Mr. Paul Blanshard Contrasts American and British Labor Policies--A. F. L. to be Nucleus of New Organization

"I do not believe that the labor situation can be entirely solved by attacking it from the bottom, through the labor organization, but that much can and must be done by working from the top down. Here there is a real opportunity for the college man who enters a profession to help, by gaining some of the labor viewpoint." Such was the conclusion of Mr. Paul Blanshard's address, when he spoke to members of the Liberal Club at luncheon yesterday.

He delivered a lecture on "British and American Labor--A Comparison," --which was radical from the capitalistic standpoint,--in so quiet and sane a manner that he could not possibly be termed an agitator and scarcely a propagandist.

Some of the interesting points of Mr. Blanshard's address were: "Numerically the British labor movement is much stronger than the American; in fact it has twice the membership of the organizations of this country. Labor there is more stratified than in this country and class spirit more deeply ingrained. In the United States we are so deeply moved by the "log cabin to White House spirit" that a man fails to regret and remember the class that he has left, when he rises to a higher one. In Britian, on the other hand, laboring men have the feeling that they represent a class which is desirable and necessary, and which merits good treatment at the hands of the other classes.

Attitude Is Different In England

"The attitude of capital is quite different toward labor in England than here in the States. Here one finds the employer boasting gleefully at his club about how he won a strike and defeated labor, how he maintains an open shop and prevents the men from organizing. But such an attitude can scarcely be said to exist in appreciable amounts in the British Isles, where the capitalistic organization, representing over $20, 000,000,000, have admitted the right of collective bargaining.


"In Britain capital resists the demands of organized labor--it does not resist the right of labor to organize.

Capital Discourages Organizers

"This can certainly not be said of conditions in this country. A labor organizer is in reality almost a pugilist, so aggressive must he be in order to continue his work. He is constantly in danger of being thrown into prison and even of worse punishment. Capital in this country does all in its power to discourage the organizer. Thus, a man who is an organizer may lose his position and because of the capitalistic organization be unable to get another. This threat of capital has a significant meaning to men with wives and children. Because of this, many of the best possible organizers refuse to take up the work in labor.

"This danger to the organizer and to those who hear him is no myth: I have been in non-union towns and cities where organizers have taken the stump to address the men, only to be promptly arrested and carried to jail. Time and again have I seen men beg to be taken to the station to plead their case in the presence of a magistrate before being placed under lock and key. Often there seems to be no local justice in our industrial towns. When the labor organizer is confronted with the situation of a mayor and local capitalist being one and the same man, he almost despairs.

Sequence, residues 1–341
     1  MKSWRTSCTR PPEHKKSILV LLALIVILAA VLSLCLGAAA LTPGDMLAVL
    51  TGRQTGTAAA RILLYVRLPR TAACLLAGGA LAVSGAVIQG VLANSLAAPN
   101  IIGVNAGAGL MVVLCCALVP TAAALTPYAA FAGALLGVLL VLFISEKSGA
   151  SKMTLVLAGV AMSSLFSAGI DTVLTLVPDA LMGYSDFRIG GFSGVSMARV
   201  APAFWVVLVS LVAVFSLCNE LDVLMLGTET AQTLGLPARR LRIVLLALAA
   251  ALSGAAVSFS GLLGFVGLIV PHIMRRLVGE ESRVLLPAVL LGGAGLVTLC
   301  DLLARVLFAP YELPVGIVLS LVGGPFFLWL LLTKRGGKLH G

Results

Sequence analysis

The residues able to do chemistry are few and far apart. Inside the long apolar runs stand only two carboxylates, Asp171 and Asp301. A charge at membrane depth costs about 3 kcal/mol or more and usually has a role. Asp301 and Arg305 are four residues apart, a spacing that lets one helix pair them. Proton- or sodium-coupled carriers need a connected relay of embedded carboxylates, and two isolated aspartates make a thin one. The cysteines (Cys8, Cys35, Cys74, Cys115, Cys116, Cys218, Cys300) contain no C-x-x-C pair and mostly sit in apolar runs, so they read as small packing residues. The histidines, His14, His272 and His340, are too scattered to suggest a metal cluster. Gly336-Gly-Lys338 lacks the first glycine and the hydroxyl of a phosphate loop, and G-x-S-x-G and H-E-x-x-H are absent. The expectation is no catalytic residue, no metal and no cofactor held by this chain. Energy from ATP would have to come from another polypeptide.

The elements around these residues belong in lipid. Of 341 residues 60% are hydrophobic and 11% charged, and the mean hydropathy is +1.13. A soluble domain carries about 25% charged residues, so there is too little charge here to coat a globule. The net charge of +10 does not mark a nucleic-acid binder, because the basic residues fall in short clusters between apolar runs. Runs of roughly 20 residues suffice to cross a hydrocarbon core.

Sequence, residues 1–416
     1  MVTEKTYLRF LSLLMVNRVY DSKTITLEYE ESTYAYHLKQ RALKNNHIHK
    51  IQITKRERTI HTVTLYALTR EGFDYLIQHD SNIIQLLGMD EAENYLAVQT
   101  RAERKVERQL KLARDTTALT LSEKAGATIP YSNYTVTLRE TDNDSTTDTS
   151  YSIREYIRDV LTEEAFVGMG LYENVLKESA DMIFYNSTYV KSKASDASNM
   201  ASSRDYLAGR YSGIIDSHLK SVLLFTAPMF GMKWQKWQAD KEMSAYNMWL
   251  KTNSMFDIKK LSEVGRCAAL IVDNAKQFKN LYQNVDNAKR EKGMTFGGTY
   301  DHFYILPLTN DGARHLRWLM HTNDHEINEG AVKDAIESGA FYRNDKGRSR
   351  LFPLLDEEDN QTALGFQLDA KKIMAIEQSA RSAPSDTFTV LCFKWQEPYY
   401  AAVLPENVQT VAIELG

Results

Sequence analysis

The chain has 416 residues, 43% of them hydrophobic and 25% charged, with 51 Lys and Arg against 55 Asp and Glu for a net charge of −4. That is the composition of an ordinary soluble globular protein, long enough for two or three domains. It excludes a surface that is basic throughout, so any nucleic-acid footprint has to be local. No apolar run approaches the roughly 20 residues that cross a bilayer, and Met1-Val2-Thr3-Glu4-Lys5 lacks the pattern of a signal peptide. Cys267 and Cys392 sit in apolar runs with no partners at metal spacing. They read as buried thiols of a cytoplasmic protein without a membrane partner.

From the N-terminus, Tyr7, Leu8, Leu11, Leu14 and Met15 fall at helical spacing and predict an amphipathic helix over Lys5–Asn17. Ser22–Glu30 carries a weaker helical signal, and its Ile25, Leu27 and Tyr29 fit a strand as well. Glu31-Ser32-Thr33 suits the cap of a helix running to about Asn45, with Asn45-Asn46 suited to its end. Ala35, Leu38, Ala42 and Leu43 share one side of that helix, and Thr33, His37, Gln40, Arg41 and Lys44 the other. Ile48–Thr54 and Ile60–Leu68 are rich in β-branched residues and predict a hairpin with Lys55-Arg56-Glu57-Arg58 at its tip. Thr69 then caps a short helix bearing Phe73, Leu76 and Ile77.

Bolshevism Due to Lack of Justice

"To this lack of justice I attribute much of communism and bolshevism which exists in this country today. To deny a communist the right of free speech in the street, or the privilege of marching down the street waving a red flag at the head of a column, only aggravates an evil. I am not a communist or a bolshevist, but I am sure that persecution only gives strength to these orders. In England there are far fewer of these elements than there are in this country, yet there the red flag to waved freely and the stump used often. England has a much stronger which in democracy than has the Union States.

Labor May Organize Cabinet

"Now, what does the Labor party mean to England". Organized about 20 years ago, it has become his Majesty's official opposition in Parliament, holding 144 seats. It Lord Baldwin falls to retain his majority tomorrow and the Conservative Party loses power, Ramsey McDonald, leader of the Labor Party, will probably be called upon to organize a cabinet. That McDonald will do this, I very much doubt, for it is the desire of the Labor Party not to take control of affairs until it controls an actual majority in the House. A coalition government is deemed undesirable," further stated Mr. Blanshard.

Intellectuals Support Labor Party

"It may almost seem incredible to Americans that a Labor Party may gain control of the English government, but to appreciate the fact, one must understand that the British Labor Party is not followed only by laboring class alone, but also by so-called intellectuals. One of the supporting organizations is the Teacher's Union, comprised of 100,000 members. Years ago saw Bernard Shaw preaching the gospel of labor from soap boxes. Sydney Webb and Henderson are, with McDonald the leaders of the Party. Yet, these two never worked up through the ranks of labor but reached their conclusions and convictions as a result of thought. When you find such men as Arnold Bennett and Thomas Hardy voting the labor ticket, or H. G. Wells running for Parliament from Oxford University on the labor ticket, you can see that the Labor Party is not limited to the working classes only.